The use of Long Lasting Insecticide treated Nets (LLINs) has become one of the best and cost-effective interventions for malaria vector control around the globe    . Malaria is one of the leading causes of morbidity and mortality especially among children less than five years of age in endemic countries including Nigeria  . In order to minimize the socio-economic impact of malaria in the country, the Federal Ministry of Health (FMOH), following the commencement of the Roll Back Malaria initiative in Nigeria in 2011, Nigeria and Roll Back Malaria (RBM) partners have adopted the Scale Up for Impact (SUFI) approach in the revised National Malaria Strategic Plan (NMSP)  . The main targets of LLINs distribution in Nigeria were; at least 80% of households to own two or more LLINs/ITN by 2010 with sustained levels until 2013  , and at least 80% of children under five and pregnant women to use the LLIN by sleeping inside by 2010 with sustained levels until 2013. Recently, the Roll Back Malaria Partnership raised coverage targets to 80% LLINs/ITN usage by the entire population at risk and called for universal coverage through ownership by all households of at least one LLIN or every two inhabitants  . Several countries recently showed rapid improvements in equitable LLINs ownership and usage following mass free distribution campaigns     . Nigeria in its quest to scale up coverage and utilization of LLINs as a strategy for malaria control, had the first long lasting insecticidal net (LLIN) mass campaign across the country between 2009-2013  . The NMEP with support from its RBM partners successfully distributed over 57.7 million LLINs during the five years period representing over 90% of the national target  . In spite this, and to achieve a universal coverage, the country maintained a continuous distribution through multiple channels and in particular the antenatal care outlets and the expanded programme on immunization. The Nigerian government, with support from the Global Fund and through the National Malaria Elimination Programme (NMEP), Catholic Relief Services (CRS), and the Society for Family Health (SFH) and with technical support from the World Health Organization, once again launched the LLIN replacement campaign in some states across the country to sustain the gain made over years and replace the destroyed/decayed LLINs in the households.
This cross-sectional survey was conducted in five states that conducted the LLIN replacement campaign using the lots quality assurance survey (LQAS) tool developed by the World Health Organization. The states that implemented the campaign, as shown in Figure 1, are Adamawa, Edo, Imo, Kwara, and Ondo, and the period of the survey across the states is between August and December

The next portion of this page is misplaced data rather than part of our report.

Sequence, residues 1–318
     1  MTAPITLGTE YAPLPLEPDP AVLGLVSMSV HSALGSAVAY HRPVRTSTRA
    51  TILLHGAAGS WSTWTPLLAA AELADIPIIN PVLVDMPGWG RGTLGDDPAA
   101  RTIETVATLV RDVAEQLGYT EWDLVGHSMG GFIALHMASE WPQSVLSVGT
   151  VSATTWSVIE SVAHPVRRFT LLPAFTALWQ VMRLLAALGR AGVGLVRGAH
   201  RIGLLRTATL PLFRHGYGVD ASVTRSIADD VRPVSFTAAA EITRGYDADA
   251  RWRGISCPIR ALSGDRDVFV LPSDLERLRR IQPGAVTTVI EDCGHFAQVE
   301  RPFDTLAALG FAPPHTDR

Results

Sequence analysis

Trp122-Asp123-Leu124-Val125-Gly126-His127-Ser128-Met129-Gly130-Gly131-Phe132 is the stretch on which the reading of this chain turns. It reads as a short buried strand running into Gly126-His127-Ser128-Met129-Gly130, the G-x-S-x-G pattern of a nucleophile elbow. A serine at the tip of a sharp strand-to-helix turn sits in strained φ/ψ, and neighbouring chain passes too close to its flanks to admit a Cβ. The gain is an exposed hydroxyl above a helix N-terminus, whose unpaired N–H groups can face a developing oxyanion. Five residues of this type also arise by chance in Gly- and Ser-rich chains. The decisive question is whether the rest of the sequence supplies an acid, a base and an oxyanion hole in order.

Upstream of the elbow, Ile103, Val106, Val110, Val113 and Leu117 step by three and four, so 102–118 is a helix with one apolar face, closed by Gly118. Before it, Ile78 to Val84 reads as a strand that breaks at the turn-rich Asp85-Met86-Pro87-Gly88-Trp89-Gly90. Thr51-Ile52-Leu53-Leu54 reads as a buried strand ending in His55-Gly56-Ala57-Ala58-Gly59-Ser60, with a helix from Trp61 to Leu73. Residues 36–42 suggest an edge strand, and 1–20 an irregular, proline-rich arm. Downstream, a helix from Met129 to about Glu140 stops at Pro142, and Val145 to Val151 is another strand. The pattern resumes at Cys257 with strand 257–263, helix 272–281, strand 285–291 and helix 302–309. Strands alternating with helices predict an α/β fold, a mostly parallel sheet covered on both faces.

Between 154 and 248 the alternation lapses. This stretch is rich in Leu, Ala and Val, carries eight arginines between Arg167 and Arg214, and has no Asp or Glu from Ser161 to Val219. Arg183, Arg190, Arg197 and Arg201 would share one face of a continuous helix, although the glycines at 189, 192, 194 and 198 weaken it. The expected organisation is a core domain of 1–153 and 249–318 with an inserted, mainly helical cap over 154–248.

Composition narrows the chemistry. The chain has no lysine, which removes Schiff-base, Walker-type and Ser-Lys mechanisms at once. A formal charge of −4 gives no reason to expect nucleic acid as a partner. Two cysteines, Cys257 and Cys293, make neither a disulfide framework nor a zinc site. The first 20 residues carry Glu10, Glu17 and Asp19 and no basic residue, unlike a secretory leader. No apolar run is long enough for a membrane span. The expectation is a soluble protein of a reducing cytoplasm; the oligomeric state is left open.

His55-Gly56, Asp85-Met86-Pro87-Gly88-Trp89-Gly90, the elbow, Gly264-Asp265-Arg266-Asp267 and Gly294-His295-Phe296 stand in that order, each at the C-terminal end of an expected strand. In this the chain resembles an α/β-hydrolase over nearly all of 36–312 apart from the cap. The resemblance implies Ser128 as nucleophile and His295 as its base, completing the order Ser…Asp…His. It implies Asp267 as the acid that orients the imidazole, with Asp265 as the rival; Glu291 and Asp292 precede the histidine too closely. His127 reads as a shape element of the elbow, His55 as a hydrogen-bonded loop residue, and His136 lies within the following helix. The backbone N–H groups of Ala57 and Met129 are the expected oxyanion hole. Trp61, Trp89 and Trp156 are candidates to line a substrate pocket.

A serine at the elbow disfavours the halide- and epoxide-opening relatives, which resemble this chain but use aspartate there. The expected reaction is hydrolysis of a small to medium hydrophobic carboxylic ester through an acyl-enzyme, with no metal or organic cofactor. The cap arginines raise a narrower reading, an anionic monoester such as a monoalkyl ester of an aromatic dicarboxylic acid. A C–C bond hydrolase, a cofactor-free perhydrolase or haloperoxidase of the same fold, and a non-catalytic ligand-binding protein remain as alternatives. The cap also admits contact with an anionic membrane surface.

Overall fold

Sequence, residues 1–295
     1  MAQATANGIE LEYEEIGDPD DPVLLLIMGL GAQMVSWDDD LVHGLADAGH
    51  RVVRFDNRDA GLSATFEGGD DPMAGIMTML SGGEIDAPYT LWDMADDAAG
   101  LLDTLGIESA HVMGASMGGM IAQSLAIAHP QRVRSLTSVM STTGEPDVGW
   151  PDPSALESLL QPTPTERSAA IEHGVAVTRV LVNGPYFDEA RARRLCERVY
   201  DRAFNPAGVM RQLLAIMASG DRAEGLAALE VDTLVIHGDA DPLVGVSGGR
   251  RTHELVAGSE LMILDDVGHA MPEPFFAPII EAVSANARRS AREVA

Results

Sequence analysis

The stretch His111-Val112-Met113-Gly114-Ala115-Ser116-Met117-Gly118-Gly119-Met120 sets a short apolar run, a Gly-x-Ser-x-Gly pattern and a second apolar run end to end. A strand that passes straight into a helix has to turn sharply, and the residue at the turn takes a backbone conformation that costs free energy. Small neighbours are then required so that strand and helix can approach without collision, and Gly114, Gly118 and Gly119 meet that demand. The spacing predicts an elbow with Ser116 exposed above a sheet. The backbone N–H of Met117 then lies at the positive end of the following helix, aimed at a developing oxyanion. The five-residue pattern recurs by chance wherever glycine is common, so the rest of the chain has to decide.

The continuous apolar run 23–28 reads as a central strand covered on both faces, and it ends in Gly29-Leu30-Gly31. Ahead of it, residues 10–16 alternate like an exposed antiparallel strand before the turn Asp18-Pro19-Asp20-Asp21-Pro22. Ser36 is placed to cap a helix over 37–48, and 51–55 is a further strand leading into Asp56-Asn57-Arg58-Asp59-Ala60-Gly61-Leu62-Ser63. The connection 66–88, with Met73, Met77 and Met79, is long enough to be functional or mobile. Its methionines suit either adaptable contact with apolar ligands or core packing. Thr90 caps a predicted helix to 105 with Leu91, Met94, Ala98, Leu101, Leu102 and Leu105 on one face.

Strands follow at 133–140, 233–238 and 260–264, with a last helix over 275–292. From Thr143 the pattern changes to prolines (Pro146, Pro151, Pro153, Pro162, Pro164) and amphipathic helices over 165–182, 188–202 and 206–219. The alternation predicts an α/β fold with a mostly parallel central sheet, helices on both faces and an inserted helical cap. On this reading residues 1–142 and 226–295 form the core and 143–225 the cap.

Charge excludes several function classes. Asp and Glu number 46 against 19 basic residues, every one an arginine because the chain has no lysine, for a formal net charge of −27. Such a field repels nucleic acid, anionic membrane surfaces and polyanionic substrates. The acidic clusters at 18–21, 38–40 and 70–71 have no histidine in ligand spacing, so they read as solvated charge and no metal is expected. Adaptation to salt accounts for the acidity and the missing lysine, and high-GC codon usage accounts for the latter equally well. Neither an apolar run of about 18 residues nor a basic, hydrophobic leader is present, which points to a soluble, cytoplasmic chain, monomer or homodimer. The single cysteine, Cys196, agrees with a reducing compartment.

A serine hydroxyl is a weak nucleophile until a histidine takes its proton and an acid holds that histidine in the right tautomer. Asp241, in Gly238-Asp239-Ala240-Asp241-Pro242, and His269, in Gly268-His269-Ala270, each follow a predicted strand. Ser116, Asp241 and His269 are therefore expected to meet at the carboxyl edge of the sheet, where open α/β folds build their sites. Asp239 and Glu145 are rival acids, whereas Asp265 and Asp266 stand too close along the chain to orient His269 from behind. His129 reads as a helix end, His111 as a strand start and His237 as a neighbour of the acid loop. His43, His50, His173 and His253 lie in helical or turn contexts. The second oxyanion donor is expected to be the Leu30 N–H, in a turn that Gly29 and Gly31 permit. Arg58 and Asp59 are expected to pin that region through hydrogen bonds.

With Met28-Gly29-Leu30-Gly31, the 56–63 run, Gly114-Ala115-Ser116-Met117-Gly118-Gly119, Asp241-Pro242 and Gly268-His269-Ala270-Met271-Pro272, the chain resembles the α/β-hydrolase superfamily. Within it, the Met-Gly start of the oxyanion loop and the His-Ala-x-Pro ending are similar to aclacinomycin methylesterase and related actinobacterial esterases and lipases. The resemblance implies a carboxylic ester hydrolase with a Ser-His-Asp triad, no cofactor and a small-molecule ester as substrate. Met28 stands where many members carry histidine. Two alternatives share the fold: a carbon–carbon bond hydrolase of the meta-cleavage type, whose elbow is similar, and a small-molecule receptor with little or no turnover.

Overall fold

Figure 1. QGIS showing LLIN campaign implementing states.
2017. The LQAS questionnaires were administered to eligible households (HHs) by the WHO field officers trained on the use of the tool at least one week after the campaign. A total of 240 HHs were selected from 24 settlements (clusters) in 24 wards of six LGAs (lots) from each of the five (5) states that rolled out the campaign.
The LQAS is a random sampling methodology, originally developed in the 1920s as a method of quality control in industrial production  . It is a statistical methodology used for data collection in health and other programs by several organizations. It originated in the manufacturing and factory sectors as way to perform statistically valid quality-assurance testing at a minimum cost  . In 1996 the World Health Organization issued a document describing LQAS and recommended it for use in surveys to determine the number of children immunized against disease    .
The LQAS, compared to similar sampling techniques like stratified and cluster sampling, provides less information but often requires substantially smaller sample sizes  . It involves taking a small random sample from each set of items in the population and testing each sampled item to determine whether it meets a predetermined standard of quality. While LQAS is perceived as fairly quick to carry out, there are ramifications that come with implementing such a quick program. In contrary to using complex surveys, LQAS requires increased amount of time it takes to train interviewers, time interviewers will spend in the field collecting data, and also the time needed to analyse data results in the surveys. Generally, lots serves as a welcome relief should have the same geographic sampling area as the geographic boundaries used for the health program  . Surveys that employ LQAS can be used to provide data on health behaviours and health outcomes at the household level. The beauty of LQAs is that these data can be assessed easily at both provincial, county and sub-provincial or sub-county (or district) levels  . LQAS is functionally identical to stratified sampling (where each lot is a single stratum) but requires smaller samples because it does not attempt to construct a precise estimate of population parameters. Instead, after sampling, a researcher using LQAS performs a hypothesis test to determine the number of elements of interest in each lot  .